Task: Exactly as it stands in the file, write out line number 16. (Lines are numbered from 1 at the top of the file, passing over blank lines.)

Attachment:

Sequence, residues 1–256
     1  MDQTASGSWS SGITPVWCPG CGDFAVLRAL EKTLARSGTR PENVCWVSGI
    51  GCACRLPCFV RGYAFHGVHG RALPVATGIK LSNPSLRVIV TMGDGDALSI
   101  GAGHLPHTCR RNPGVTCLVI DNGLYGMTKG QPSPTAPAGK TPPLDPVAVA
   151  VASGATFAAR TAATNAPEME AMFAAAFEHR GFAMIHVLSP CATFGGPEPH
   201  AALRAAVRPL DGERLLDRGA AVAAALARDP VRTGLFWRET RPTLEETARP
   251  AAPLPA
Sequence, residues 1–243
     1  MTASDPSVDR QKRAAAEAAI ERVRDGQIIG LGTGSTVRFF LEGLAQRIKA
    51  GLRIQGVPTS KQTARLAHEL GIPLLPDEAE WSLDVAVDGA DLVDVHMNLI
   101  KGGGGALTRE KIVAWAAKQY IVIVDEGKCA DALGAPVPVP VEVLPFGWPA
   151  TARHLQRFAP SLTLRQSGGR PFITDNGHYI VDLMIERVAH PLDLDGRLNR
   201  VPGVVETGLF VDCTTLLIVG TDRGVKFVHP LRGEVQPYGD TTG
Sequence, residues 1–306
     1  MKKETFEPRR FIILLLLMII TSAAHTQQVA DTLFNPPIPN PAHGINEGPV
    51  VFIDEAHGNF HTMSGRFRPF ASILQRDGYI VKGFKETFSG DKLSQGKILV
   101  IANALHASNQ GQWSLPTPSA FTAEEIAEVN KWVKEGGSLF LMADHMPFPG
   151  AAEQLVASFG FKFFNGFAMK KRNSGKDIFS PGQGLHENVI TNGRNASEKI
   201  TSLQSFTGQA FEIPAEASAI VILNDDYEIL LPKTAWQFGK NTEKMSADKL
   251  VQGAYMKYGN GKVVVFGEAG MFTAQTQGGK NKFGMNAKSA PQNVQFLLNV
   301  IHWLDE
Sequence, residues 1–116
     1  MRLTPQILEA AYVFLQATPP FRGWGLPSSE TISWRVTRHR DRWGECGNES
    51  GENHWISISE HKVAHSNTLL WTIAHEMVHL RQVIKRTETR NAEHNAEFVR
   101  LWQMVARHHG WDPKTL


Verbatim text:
    51  VFIDEAHGNF HTMSGRFRPF ASILQRDGYI VKGFKETFSG DKLSQGKILV